I am delighted to be launching this consultation on a new approach to the policy making process for the fully devolved taxes.
The first two fully devolved taxes, Land and Buildings Transaction Tax and Scottish Landfill Tax, have been operational for almost four years now in Scotland. The devolution of two further taxes - Aggregates Levy and Air Departure Tax – is also on the horizon. This presents us with the opportunity to draw on our experiences since 2015 and think about how we can do things differently, both in terms of our policies and how we engage with our people, communities and businesses.
I believe that the proposals set out in this paper will not only help us to better manage our existing taxes, but will lay important foundations for a clearer approach to tax policy-making that can also apply to further tax powers in the years to come.
We want to make Scotland an attractive place to do business, and we recognise the important message that a modern, competitive, stable and transparent tax system sends both domestically and overseas.
That is why a cornerstone of the Scottish Approach to Taxation is certainty. In the present context this means that individuals and businesses should have confidence in the Government and the tax system when making financial decisions.
Through our tax policies we have demonstrated our ability to take informed decisions in a responsible way and have chosen a distinctive, progressive approach to tax policy-making in Scotland.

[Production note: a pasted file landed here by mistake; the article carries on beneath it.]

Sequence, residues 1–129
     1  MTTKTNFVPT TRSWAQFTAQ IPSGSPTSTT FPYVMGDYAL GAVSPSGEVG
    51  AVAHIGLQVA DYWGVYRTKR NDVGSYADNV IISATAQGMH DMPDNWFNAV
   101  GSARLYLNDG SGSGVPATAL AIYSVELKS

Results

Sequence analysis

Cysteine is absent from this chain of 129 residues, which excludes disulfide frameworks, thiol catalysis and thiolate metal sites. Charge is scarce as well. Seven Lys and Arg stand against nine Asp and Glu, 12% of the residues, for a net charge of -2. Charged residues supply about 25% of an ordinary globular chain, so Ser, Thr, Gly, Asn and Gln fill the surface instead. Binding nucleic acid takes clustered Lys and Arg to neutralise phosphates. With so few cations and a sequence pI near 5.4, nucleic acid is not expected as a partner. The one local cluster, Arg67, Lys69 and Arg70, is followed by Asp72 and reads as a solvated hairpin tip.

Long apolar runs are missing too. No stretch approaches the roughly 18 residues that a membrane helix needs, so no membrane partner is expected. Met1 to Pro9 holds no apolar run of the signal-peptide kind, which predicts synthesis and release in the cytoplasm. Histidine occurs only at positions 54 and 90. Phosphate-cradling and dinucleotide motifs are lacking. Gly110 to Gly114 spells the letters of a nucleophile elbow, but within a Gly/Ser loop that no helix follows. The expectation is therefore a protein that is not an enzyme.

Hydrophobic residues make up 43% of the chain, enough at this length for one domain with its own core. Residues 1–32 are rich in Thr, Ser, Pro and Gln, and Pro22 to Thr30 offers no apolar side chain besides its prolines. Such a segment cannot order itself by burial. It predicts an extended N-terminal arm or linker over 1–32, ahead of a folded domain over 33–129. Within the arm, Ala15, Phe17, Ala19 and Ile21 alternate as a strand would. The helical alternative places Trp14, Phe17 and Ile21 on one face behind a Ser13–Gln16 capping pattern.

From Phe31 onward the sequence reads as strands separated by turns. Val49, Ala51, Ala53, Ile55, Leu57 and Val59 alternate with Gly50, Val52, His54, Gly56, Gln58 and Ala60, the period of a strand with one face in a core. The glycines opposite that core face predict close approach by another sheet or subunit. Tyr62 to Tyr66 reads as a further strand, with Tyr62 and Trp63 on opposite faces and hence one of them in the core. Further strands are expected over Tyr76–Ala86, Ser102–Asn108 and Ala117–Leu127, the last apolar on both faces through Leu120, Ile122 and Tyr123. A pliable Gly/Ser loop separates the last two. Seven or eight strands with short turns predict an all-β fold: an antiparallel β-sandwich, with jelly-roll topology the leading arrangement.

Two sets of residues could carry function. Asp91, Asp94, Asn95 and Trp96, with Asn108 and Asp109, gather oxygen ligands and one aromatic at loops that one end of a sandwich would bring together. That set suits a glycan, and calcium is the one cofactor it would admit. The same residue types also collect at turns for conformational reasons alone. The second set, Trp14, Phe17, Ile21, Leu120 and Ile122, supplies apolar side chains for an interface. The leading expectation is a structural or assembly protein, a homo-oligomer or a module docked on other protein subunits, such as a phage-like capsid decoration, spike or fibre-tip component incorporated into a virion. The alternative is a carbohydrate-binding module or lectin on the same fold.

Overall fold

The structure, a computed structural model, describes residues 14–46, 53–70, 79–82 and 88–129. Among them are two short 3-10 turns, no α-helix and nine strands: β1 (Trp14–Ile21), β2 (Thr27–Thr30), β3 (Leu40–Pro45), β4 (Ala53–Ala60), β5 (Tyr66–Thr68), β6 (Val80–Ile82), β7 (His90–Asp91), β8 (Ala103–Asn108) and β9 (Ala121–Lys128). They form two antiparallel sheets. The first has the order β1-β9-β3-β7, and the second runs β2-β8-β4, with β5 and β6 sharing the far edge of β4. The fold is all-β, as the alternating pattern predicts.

Taxes are key to funding the high quality public services we all enjoy. Taxes also support our aim of having a strong economy; an economy that is built on growing, competitive and innovative business; that is environmentally sustainable and inclusive; and that provides jobs, incomes and quality of life for all of our people and communities.
Scotland benefits from an informed and knowledgeable civic society. We believe that more and better engagement means better outcomes for people, families and communities; a more robust, inclusive and sustainable economy; and leads to a greater trust and understanding of government.
Our strong track record of engaging with individuals, businesses and professional bodies has been central to ensuring that our taxes are fit for purpose and that their impacts are understood. This consultation builds on the open and consultative approach we have taken on the development of tax policy and legislation to date.
Another important part of this overall process is consideration of whether the existing legislative process for devolved taxes legislation remains suitable. In its report into Scotland’s Budget process, the Budget Process Review Group recommended that further work be undertaken to explore options for an alternative legislative process for devolved taxes legislation, including consideration of whether there is the need for a Finance Bill.
This marks another important milestone for tax in Scotland. I am pleased that a working group has been established by the Scottish Government, the Scottish Parliament and others to take this work forward. I look forward to updating you on this later this year.
I believe everyone should have in interest in tax. This consultation provides you with the opportunity to help shape the way the Scottish Government takes decisions on its fully devolved taxes, and I very much look forward to receiving a wide range of views.
I would like to thank you in advance for taking the time to respond to this consultation.
Minister for Public Finance and Digital Economy